Howard v. Rodgers et al
ORDER granting Plaintiff's 80 Amended Motion for Order Directing United States Penitentiary Leavenworth Kansas (USPL) to Produce Records Herein Below Set Forth Pursuant to 5 U.S.C. 552a(b)(11). Signed by Magistrate Judge Teresa J. James on 4/13/2018. (ts)
IN THE UNITED STATES DISTRICT COURT
FOR THE DISTRICT OF KANSAS
BRYAN RICHARD HOWARD,
Case No. 17-CV-3019-DDC-TJJ
RAY RODGERS , et al.,
This matter is before the Court on Plaintiff’s Amended Motion for Order Directing
United States Penitentiary Leavenworth Kansas (USPL) to Produce Records Herein Below Set
Forth Pursuant to 5 U.S.C. § 552a(b)(11) (ECF No. 80).1 Plaintiff’s counsel has served two
subpoenas under Federal Rule of Civil Procedure 45 on non-party United States Bureau of
Prisons, seeking documents relating to Plaintiff and various employees of the Bureau of Prisons
who work at the United States Penitentiary located in Leavenworth, Kansas. Plaintiff seeks the
documents to support his claims that he was sexually harassed by prison guard Ray Rodgers and
that other penitentiary employees failed to protect Plaintiff.
The United States responded by producing certain documents, but raised Touhy2
objections to producing many of the non-party documents Plaintiff requests.3 Plaintiff does not
The Court will find moot Plaintiff’s original motion (ECF No. 79) in light of this
The term derives from United States ex re. Touhy v. Ragen, 340 U.S. 462 (1951), and
refers to federal agency regulations that specify internal agency procedures for how and when a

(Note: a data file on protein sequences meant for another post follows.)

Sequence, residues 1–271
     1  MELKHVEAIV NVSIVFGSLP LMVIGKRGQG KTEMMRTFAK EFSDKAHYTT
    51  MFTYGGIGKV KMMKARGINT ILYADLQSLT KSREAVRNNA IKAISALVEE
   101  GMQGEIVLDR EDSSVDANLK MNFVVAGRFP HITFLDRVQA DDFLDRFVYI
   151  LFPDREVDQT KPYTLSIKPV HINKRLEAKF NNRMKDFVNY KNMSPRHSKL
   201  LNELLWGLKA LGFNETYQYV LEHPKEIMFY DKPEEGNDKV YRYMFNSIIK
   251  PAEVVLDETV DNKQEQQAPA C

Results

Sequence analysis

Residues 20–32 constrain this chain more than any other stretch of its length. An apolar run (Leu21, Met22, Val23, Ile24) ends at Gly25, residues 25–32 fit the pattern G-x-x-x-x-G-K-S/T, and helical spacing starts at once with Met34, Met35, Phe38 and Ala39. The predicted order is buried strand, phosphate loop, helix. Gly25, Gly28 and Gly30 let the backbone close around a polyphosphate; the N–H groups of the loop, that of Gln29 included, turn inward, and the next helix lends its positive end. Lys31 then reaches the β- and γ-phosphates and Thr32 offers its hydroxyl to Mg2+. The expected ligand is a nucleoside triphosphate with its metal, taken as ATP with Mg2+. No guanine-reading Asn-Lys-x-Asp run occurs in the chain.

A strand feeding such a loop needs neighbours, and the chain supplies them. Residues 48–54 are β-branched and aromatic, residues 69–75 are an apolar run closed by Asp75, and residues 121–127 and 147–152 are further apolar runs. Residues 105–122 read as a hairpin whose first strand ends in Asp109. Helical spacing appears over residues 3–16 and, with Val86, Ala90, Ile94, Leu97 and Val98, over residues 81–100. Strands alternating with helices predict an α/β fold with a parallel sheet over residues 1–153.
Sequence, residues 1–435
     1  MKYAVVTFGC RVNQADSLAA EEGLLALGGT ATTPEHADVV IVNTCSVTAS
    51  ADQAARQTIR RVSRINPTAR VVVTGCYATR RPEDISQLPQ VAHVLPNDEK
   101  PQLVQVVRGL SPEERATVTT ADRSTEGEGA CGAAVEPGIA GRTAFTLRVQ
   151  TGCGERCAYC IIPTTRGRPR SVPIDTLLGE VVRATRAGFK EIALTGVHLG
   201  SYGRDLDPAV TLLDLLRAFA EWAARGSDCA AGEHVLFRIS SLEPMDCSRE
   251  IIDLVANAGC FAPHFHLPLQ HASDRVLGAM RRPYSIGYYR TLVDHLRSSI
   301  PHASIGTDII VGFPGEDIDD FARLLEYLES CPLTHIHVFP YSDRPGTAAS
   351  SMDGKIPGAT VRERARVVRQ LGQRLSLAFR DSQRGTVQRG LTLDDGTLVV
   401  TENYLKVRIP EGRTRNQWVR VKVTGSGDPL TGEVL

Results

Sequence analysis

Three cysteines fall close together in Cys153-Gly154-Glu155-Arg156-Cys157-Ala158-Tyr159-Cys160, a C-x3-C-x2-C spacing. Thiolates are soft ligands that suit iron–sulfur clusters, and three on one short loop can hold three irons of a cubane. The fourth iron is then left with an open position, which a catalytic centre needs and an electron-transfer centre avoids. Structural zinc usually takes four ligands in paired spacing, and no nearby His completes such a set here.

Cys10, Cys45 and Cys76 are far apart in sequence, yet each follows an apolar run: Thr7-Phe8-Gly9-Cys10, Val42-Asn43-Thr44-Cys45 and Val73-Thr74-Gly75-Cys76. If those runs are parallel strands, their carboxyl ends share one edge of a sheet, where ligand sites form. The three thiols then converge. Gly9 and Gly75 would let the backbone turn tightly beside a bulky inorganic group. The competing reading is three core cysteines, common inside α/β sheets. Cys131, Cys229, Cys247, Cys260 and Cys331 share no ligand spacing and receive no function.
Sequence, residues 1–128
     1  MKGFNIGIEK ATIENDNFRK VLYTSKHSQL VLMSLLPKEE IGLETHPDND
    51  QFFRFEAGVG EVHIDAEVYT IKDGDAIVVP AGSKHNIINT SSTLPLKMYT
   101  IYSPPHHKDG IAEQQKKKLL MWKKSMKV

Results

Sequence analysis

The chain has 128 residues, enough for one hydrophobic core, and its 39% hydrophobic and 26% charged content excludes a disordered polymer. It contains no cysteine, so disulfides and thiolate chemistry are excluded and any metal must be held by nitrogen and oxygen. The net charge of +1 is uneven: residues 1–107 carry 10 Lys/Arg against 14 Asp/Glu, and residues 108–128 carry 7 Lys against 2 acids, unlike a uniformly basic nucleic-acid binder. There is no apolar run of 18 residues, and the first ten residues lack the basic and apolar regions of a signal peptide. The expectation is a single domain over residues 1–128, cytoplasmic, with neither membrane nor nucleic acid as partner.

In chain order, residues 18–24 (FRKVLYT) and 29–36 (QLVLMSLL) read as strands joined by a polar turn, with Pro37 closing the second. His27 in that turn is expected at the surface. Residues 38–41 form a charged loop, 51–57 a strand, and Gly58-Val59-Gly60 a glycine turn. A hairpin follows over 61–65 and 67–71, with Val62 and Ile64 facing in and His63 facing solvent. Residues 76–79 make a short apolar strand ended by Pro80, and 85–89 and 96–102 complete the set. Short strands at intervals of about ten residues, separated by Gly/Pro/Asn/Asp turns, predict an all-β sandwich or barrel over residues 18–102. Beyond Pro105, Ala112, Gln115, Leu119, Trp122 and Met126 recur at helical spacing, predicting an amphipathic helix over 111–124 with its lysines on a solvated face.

person requesting federal documents can obtain them. The regulations most frequently arise in
civil litigation where the United States is not a party.
The government’s letter responding to the subpoenas appears at ECF No. 80-1.
challenge the government’s objections but asks the Court to enter an order, consistent with the
Privacy Act of 1974, 4 directing the government to release the subpoenaed documents. In
pertinent part, the Privacy Act states that “[n]o agency shall disclose any record which is
contained in a system of records by any means of communication to any person, or to another
agency, except pursuant to a written request by, or with the prior written consent of, the
individual to whom the record pertains, unless disclosure of the record would be . . . (11)
pursuant to the order of a court of competent jurisdiction.”5
The government acknowledges this Court’s authority to order release of documents, and
seeks concomitant entry of a protective order limiting the dissemination of the documents it
produces. Defendants concur with the government’s proposed protective order. Having
reviewed the parties’ positions, the applicable law, and the government’s proposed protective
order, the Court will grant Plaintiff’s motion and direct the government to release the
subpoenaed documents pursuant to a protective order.6
Pursuant to 5 U.S.C. § 552a(b)(11), the Court finds the description of records sought in
the subpoenas Plaintiff served appear relevant to this litigation, and shall order the United States
to produce responsive documents. The Court also finds reasonable and will enter the
government’s proposed protective order, which has now been agreed to by the parties.
5 U.S.C. § 552a.
5 U.S.C. § 552a(b)(11).
The Court will not include in the Protective Order a provision allowing a non-party to
unilaterally refuse to disclose information, as the government has proposed. If the government
believes additional protection is required for documents sought in Plaintiff’s subpoenas, the
government may seek protection under Federal Rule of Civil Procedure 45.
IT IS THEREFORE ORDERED that pursuant to 5 U.S.C. § 552a(b)(11), the Bureau of
Prisons shall produce copies of records responsive to the subpoenas within ten (10) days of the
date of this order.
Dated this 13th day of April, 2018 at Kansas City, Kansas.
Teresa J. James
U. S. Magistrate Judge
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